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Hank Krakowski, chief operating officer of the Air Traffic Organization, will step down. The job will be temporarily filled by David Grizzle, the Federal Aviation Administration's chief counsel, while a nationwide search is conducted to permanently fill the position.

"Over the last few weeks we have seen examples of unprofessional conduct on the part of a few individuals that have rightly caused the traveling public to question our ability to ensure their safety," said FAA Administrator Randy Babbitt in a statement. "This conduct must stop immediately."

FAA officials announced Wednesday that a second overnight air traffic controller would be added to the midnight shift at more than two dozen airports around the country, following the latest report of a medical flight that landed unassisted in Reno, Nevada, while the controller dozed.

The arrival at 2 a.m. Wednesday at Reno-Tahoe International Airport followed several other recent incidents of controllers dozing on their shifts.

The FAA said the controller was out of communication for about 16 minutes when the aircraft carrying at least three people was landing. No injuries were reported.

Pilot forced to circle Reno airport
Radio communications between the medical flight and radar controllers trying to get ahold of a sleeping Nevada air traffic controller show the pilot circled several times before saying he'd have to land the plane unaided.

In the audio provided Thursday by, the pilot of the turboprop plane told a FAA controller in northern California he had a sick patient on board and couldn't wait to land. The controller said the Reno tower wasn't answering radio or phone calls.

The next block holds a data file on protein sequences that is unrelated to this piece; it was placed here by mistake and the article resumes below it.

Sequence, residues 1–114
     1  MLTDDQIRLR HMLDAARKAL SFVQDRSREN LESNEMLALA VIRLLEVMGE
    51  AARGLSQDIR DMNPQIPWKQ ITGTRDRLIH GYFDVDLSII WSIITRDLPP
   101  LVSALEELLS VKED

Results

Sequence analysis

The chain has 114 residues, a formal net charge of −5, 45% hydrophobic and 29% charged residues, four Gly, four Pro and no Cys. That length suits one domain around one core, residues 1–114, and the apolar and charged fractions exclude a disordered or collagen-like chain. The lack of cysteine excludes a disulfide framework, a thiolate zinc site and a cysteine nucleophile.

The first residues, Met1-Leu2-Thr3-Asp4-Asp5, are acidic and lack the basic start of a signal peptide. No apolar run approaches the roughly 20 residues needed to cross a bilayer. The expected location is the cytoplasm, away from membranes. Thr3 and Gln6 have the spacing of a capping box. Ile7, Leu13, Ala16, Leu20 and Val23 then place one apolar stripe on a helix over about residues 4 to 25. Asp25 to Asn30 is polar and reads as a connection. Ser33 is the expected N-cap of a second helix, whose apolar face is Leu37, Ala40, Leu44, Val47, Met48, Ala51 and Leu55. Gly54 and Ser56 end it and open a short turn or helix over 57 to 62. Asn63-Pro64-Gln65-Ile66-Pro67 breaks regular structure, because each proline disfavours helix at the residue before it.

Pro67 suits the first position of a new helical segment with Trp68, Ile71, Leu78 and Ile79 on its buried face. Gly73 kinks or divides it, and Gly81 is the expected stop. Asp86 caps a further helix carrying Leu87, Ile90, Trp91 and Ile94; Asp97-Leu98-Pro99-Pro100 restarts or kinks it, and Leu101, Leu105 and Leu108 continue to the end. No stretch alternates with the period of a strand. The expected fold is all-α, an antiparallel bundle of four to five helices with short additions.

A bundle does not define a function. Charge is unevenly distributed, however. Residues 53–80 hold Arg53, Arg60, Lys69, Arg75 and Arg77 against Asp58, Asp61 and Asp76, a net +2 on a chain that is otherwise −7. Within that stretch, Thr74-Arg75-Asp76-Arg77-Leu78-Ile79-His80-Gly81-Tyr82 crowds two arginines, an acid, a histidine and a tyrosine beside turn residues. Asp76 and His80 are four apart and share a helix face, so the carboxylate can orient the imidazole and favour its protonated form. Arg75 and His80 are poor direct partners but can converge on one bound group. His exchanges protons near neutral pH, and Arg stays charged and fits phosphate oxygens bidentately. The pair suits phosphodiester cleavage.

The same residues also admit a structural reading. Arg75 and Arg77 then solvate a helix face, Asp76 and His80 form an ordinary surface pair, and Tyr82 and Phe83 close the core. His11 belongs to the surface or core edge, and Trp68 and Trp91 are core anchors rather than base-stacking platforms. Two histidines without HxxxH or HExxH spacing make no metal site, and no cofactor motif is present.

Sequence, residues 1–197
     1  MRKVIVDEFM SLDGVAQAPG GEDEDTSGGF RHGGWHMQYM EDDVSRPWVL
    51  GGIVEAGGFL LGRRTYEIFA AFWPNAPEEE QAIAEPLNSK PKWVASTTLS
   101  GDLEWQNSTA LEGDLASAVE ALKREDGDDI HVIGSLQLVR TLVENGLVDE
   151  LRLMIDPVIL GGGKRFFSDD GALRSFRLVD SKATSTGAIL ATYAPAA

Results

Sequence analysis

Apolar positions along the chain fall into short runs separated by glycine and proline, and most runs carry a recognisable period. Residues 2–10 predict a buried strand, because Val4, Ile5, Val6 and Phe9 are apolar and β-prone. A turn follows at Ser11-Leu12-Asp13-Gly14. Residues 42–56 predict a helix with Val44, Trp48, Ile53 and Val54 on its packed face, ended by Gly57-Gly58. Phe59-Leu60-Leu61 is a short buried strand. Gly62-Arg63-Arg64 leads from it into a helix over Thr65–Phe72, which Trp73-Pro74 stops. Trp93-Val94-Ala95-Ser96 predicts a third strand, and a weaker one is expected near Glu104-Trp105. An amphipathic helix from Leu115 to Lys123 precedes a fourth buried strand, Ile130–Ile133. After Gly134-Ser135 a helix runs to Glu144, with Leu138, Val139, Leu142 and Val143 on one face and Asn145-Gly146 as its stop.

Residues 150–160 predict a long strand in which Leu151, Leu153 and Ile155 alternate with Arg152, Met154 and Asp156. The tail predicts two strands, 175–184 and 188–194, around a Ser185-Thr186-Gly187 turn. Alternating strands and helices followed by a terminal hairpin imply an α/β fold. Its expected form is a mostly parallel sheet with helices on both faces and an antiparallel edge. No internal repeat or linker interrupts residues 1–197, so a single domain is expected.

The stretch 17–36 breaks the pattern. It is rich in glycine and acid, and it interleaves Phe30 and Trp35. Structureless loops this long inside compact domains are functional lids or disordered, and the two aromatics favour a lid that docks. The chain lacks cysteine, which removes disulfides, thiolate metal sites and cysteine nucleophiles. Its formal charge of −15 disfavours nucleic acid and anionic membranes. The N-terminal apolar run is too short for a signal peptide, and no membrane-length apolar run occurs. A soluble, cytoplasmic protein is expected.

The pilot and controller aren't identified on the audio.

"This is absolutely unacceptable," Transportation Secretary Ray LaHood said in a statement. "The American public trusts us to run a safe system. Safety is our No. 1 priority and I am committed to working 24/7 until these problems are corrected."

It was the second case this week of a controller being suspended for sleeping on the job. A controller at Boeing Field-King County International in Seattle fell asleep during his morning shift on Monday and was suspended, FAA said. He was already facing disciplinary action for sleeping on two separate occasions during an early evening shift in January, the agency said.

The latest cases follow three previously disclosed incidents in which controllers have been suspended, including two episodes of controllers sleeping on duty.

Safety on the line
The National Air Traffic Controllers Association has warned against putting controllers alone on shifts and assigning tiring work schedules.

At most airport towers, there's no bathroom in the cab — the room on the top of the tower. With only one controller on duty, the position has to go unattended at times if the controller needs to use a bathroom. It's common for the nearest bathroom to be located down a flight of stairs from the cab.